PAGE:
The History and Consequences of Discovering Insulin


It's been nearly a century since one of the greatest medical findings reached patients. How has the story of insulin changed modern diabetes care?

Simon Murray

There’s an estimated 30 million Americans with diabetes. Another 86 million have prediabetes, of whom 30% will develop diabetes over a five-year period. It is the fastest growing chronic disease in the US. For the 6% and growing patient population with type 1 diabetes (T1D), insulin is necessary for survival.

It’s not an exaggeration to call insulin a life-saving drug. Since its discovery in 1923, millions of people have enjoyed longer lives than projected, and reduced complications due to their disease. Patients with T1D were previously “treated” with borderline-starvation diets and given life expectancies of just a few years.

The basis of the diet regimen—popularized in the decade leading up to the discovery of insulin—was to completely limit calories for a period of time, leading to dramatic loss of weight before reintroducing the patient to a high-fat, high-protein diet with no carbohydrates. In writing on the strategy, prominent physician Eliot Proctor Joslin, MD, noted that patients were starved with only the “faint hope that something new would appear.”

Enter insulin, in 1923.

It had been known for a half-century that blood sugar was central to the problem of diabetes. The importance of the pancreas in carbohydrate metabolism was known since 1880, when German physicians Joseph von Mering and Oskar Minkowski successfully removed the pancreas of a dog and showed that it led to a syndrome of high blood sugar, glucosuria, and eventual death.

Before then, in 1869, investigators discovered 2 types of cells in the pancreas—acinar cells are responsible for the digestive functions, and the islets of Langerhans secreted sugar.

Near the same era, Romanian scientist Nicolae Paulescu was experimenting with an aqueous pancreatic extract which reduced blood sugar when injected into diabetic dogs. He called this substance pancreine. When World War 1 broke out, he stopped his experiments for several years. He actually patented his product in 1922 with the Romanian patent office, but he never was officially credited with the discovery of insulin—because at the same time, 2 Canadian researchers, Sir Frederick Grant Banting, and John Macleod, published a paper on the successful use of an alcohol-based pancreatic extract for normalizing blood sugar in a human being.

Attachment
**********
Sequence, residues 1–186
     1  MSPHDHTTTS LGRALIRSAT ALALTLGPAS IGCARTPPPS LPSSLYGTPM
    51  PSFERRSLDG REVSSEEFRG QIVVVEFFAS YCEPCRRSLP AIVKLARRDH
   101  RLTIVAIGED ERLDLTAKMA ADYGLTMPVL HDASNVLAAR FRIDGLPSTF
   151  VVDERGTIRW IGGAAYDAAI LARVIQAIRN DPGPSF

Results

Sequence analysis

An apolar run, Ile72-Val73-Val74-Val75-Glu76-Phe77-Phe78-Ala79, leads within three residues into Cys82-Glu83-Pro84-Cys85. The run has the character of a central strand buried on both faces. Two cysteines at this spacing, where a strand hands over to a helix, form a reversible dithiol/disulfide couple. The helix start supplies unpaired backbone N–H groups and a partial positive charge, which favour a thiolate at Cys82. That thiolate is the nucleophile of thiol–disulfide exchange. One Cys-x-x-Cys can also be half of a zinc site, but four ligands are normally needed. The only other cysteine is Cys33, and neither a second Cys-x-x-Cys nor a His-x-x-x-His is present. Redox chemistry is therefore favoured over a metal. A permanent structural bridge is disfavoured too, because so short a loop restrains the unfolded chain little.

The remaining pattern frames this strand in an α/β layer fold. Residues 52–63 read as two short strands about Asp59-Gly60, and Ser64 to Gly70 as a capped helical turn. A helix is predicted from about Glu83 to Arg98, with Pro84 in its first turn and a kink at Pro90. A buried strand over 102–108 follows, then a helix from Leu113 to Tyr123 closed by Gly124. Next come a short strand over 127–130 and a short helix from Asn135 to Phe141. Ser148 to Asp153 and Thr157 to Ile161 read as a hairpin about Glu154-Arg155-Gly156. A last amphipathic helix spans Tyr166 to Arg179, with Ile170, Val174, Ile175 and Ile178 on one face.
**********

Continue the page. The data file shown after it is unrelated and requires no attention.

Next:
In addition to helping develop insulin, Palescu was also aware there were other enzymes in the pancreas which played a role in regulating blood sugar—something not investigated for the next 50 years, and today play an important role in the treatment of diabetes.

Banting’s work began with his discovery that by ligating the pancreatic duct on dogs, and then removing the pancreas intact, he could isolate insulin without it being destroyed by the digestive pancreatic enzymes. He was able to isolate a small amount of a pancreatic enzyme— which he injected into a diabetic dog, demonstrating a drop in glucose.

The process was repeated several times, but was tedious and the yields small. This procedure was only able to harvest a small amount of insulin and was time-consuming, so they decided to use cattle as a source of pancreatic enzymes.

The next step came about trying to purify it and testing it on rabbits. The work was done under the supervision of McCleod. Once a good process of purification of insulin occurred, the first human trial occurred in 1922 with the injection of insulin into a 14 year-old boy. Miraculously, it dropped his blood sugar into a normal range, and he didn’t die. Several more human trials were developed, which clearly showed that extract could reduce blood sugar in humans.

Banting, and McCleod were given the Nobel Prize in Medicine in 1923 for their work in discovering insulin. It created a controversy that endures to this day as to who should have really earned recognition for the discovery. Ultimately, it was Banting who was given the commercial rights to insulin, which he donated to the University of Toronto for $1.